2012-the-summer-olympics-steroidsLondon is under pressure to toughen its stance on use of steroids and other performance-enhancing drugs. Will the 2012 Summer Olympics host city give in?

Presently, the International Olympic Committee is yet to receive any definitive action by the British government regarding legislation that will outlaw possession, supply and distribution of performance enhancing drugs.

The IOC would prefer that Britain should follow the path other European nations have taken. Countries like Sweden, Italy, Greece, and Germany have stricter doping laws where violators and suppliers can be imprisoned.

IOC’s chairman of medical commission Arne Ljungqvist, said he would be pushing for a change in the British law.

“I think legislation is very important that criminalizes certain offenses as detailed in the WADA code because it allows public authorities to intervene where we cannot,” Ljungqvist said, who is also a board member of the World Anti-Doping Agency.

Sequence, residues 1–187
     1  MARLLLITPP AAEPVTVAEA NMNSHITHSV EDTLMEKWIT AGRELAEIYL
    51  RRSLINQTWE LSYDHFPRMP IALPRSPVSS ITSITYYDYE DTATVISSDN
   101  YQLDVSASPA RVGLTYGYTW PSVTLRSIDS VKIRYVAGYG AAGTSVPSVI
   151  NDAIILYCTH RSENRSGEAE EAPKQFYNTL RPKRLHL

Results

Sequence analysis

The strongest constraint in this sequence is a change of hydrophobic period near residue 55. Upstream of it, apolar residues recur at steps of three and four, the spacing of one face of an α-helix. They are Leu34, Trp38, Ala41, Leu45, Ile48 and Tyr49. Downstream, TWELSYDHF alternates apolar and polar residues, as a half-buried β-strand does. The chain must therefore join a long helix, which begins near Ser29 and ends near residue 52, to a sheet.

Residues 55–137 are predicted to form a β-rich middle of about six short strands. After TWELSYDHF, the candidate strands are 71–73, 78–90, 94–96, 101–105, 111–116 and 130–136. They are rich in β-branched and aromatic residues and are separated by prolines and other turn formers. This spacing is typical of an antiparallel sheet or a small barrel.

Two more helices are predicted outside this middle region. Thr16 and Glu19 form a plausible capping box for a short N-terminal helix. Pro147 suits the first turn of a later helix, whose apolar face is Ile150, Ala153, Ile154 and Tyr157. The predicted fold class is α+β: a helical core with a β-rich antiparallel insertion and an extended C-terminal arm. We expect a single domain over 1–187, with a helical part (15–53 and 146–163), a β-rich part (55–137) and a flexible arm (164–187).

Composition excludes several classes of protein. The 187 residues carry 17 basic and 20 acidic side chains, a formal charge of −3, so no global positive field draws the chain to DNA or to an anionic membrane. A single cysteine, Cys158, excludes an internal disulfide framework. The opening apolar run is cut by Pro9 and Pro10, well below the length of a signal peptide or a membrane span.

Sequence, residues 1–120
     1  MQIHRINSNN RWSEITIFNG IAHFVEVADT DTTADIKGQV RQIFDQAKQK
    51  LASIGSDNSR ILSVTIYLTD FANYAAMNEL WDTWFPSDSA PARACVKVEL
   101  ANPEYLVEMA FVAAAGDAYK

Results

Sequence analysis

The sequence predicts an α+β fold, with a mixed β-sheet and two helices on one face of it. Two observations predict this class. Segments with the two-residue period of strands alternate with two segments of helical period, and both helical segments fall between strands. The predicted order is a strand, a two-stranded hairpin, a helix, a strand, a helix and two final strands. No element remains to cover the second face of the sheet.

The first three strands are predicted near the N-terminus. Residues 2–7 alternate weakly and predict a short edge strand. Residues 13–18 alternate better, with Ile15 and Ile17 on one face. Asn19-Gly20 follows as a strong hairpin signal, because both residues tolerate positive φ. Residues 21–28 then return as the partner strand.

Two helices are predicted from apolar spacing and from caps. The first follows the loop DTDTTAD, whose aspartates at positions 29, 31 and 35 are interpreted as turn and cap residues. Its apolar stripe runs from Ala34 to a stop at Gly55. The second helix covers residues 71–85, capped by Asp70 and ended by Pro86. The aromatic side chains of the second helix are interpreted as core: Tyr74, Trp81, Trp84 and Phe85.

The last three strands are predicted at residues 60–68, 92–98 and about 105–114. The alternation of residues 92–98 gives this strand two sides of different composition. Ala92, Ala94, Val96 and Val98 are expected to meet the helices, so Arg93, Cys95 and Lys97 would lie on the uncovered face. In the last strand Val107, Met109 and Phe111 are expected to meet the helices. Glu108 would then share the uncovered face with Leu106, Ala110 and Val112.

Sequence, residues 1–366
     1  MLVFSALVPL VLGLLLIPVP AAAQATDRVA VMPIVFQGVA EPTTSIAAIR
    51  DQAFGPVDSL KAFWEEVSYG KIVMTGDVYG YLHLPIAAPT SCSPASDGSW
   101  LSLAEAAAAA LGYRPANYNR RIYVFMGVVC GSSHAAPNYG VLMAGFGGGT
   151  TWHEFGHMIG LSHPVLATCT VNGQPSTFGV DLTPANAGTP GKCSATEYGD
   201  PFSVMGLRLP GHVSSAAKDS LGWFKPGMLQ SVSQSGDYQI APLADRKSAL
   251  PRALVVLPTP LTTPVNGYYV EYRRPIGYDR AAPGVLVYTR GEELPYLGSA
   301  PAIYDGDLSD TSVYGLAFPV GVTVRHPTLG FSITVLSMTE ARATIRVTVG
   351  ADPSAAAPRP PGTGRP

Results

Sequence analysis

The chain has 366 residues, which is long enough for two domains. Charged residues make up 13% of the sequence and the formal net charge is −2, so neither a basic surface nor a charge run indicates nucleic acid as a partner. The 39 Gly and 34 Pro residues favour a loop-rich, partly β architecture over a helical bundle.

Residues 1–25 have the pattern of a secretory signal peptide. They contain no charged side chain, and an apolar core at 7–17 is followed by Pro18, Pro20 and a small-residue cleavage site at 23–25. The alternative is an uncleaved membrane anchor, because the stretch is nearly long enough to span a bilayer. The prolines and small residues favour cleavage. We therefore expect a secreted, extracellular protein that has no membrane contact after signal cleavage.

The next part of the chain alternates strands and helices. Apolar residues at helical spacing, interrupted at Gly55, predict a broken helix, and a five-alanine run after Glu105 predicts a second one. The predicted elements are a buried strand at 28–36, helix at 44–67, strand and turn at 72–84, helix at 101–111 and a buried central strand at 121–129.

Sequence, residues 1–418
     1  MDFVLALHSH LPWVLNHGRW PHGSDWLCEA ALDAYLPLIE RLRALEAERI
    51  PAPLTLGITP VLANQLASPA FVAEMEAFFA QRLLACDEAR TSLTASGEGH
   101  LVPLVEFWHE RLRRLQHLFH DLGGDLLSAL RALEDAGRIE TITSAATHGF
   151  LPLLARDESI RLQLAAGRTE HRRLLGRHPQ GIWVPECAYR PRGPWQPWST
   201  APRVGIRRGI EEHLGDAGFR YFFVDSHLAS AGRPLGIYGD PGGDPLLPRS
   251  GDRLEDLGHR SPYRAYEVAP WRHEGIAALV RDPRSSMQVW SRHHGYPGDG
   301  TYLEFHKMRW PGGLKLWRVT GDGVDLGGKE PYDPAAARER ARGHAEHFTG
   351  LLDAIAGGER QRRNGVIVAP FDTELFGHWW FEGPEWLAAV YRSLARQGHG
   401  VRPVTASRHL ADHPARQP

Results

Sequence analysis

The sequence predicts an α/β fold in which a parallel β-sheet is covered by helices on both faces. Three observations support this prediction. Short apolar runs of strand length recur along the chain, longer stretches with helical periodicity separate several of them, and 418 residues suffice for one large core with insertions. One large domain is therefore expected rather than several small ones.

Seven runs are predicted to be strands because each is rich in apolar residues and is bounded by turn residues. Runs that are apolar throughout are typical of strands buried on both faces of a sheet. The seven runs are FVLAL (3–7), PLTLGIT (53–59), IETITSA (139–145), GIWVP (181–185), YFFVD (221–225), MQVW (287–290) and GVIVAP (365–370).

“We as sports authorities have our limited possibilities regulated by our code. We can do testing but we cannot do searches,” Ljungqvist added.

Britain is expected to have a new independent anti-doping agency in place by next year but it is still recalcitrant as far as criminalizing doping.

“This is on my agenda so that Britain does have a law in place at the time of the Games which will allow them to take the same action as the Italians did if a similar situation occurred,” Ljungqvist said.

Ljungqvist was referring to the incident at the 2006 Winter Olympics in Turin when the Austrian cross-country skiing team was exposed of practicing blood doping. Italian police conducted search on said team’s accommodations and came up with banned substances and paraphernalia.